2. Unrealistic assumptions:

The assumptions such as constant marginal utility of money, independent utilities are unrealistic. Therefore, measurement of consumer’s surplus is not possible by utility approach.

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3. Ignores income effect:

Assumption of constant income is unrealistic. The price which a consumer is willing to pay depends on the level of income.

At higher income a consumer may be ready to pay more and vice-versa. Thus, increase in income increases consumer’s surplus.

4. Assumption of constant marginal utility of money:

Consumer’s surplus cannot be measured if we assume constant marginal utility of money. When a consumer spends some part of his income on a commodity, then he is left with less amount of money to purchase other goods.

Marginal utility of money will increase with decrease in money income and this makes the measurement of consumer’s surplus difficult.

5. Articles of distinction and Giffen goods:

Consumer’s surplus cannot be measured in case of articles of distinction because the law of demand is not applicable to these articles.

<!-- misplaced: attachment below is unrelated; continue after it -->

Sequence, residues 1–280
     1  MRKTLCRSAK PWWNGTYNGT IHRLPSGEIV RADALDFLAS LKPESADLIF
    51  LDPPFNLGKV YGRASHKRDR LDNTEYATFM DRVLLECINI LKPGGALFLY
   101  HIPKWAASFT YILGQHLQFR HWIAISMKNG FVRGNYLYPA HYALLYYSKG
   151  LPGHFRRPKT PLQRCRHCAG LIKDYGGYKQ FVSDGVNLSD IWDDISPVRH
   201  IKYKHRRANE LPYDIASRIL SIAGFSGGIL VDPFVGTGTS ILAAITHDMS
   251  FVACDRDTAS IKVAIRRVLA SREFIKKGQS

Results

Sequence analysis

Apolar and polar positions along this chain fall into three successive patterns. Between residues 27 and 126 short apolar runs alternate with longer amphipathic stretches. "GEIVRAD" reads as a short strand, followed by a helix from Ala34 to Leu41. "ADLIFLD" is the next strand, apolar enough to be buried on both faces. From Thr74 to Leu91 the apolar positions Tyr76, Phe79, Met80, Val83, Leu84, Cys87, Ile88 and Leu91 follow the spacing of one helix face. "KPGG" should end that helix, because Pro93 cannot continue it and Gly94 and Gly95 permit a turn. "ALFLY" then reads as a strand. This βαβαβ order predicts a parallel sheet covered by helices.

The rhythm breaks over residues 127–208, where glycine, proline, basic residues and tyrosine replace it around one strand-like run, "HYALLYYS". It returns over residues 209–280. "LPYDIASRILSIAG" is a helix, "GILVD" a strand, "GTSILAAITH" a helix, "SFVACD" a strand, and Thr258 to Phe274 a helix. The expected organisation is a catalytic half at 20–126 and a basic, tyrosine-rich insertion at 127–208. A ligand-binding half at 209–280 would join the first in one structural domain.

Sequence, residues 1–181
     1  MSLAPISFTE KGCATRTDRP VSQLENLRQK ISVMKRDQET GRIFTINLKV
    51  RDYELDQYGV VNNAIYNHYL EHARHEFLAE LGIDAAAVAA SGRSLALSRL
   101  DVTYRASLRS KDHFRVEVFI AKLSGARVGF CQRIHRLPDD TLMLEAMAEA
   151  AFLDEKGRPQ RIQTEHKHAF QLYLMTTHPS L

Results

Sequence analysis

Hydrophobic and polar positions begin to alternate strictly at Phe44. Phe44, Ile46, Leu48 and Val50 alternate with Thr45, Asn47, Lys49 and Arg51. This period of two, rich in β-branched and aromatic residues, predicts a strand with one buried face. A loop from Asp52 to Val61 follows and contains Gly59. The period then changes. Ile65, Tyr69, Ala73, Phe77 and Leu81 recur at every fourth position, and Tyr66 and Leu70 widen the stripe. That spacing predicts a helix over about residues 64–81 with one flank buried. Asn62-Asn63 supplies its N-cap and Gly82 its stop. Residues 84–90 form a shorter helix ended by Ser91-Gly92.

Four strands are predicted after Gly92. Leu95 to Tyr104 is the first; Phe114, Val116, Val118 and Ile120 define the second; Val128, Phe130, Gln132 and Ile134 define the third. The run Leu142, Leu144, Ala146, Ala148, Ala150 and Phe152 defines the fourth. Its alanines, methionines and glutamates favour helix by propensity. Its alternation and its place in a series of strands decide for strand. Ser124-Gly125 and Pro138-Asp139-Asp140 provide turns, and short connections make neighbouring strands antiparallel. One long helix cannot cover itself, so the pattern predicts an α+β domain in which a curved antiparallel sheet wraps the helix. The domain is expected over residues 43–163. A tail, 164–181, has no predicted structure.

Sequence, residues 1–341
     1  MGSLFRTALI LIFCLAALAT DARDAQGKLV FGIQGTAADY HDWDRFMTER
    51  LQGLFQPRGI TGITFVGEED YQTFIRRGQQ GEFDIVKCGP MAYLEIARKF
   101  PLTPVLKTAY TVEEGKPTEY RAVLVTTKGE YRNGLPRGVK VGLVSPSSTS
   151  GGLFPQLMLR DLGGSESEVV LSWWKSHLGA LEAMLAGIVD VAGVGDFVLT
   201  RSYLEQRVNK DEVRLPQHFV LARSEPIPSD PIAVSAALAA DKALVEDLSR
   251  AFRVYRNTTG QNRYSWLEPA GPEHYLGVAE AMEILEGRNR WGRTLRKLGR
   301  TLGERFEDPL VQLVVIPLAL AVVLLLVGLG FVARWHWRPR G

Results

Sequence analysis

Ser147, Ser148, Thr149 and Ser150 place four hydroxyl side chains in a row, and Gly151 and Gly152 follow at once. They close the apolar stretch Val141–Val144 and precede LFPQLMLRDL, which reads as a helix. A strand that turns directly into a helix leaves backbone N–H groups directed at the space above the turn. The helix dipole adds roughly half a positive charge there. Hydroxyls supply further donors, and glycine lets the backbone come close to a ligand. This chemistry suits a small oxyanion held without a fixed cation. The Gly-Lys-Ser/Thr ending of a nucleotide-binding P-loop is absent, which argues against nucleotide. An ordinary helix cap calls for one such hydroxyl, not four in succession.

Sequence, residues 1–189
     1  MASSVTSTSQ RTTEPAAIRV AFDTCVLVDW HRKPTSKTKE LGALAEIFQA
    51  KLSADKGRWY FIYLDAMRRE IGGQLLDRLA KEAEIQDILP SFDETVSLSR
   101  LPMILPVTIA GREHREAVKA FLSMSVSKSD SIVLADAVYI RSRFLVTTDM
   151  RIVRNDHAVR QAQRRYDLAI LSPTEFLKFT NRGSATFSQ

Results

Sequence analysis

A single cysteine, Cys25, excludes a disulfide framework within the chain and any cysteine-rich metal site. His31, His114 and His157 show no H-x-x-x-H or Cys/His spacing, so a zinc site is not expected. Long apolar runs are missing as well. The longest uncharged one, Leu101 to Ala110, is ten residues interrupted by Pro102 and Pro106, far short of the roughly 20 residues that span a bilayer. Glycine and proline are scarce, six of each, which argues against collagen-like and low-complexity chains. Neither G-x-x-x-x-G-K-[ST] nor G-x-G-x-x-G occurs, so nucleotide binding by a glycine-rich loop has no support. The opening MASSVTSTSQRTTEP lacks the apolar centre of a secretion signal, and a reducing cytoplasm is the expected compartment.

Similarly, since the Marshallian demand curve does not include Giffen goods in it, the consumer surplus is not measureable for these goods also.

6. For necessities of life consumer surplus is infinite:

Many a times a consumer may be ready to forego even his entire income to satisfy his necessary wants.

Life saving drugs is an example to quote. Therefore, consumer surplus is infinite in case of necessities of life.

7. Substitutes:

Marshall has assumed that a commodity has no substitutes. Availability of substitutes cannot be ruled out.

In the absence of substitutes a consumer may be willing to pay high price for a commodity. But if substitutes are available then the consumer will be ready to pay some lower price. Thus, measurement of consumer’s surplus becomes difficult due to the presence of substitutes.

8. Vague Concept:

Consumer’s surplus is no doubt a theoretical concept. There is no meaning, according to Prof. Nicholson, in saying that utility of ? 100 at one place is equal to the utility of ? 1000 at another place.

If we accept the argument of Ulisee Gobbi then the question of consumer’s surplus docs not arise.

According to Ulisee Gobbi the utility of proceeding falls and becomes equal to succeeding units when a consumer takes additional units of a commodity. If it happens, then consumer surplus will be zero.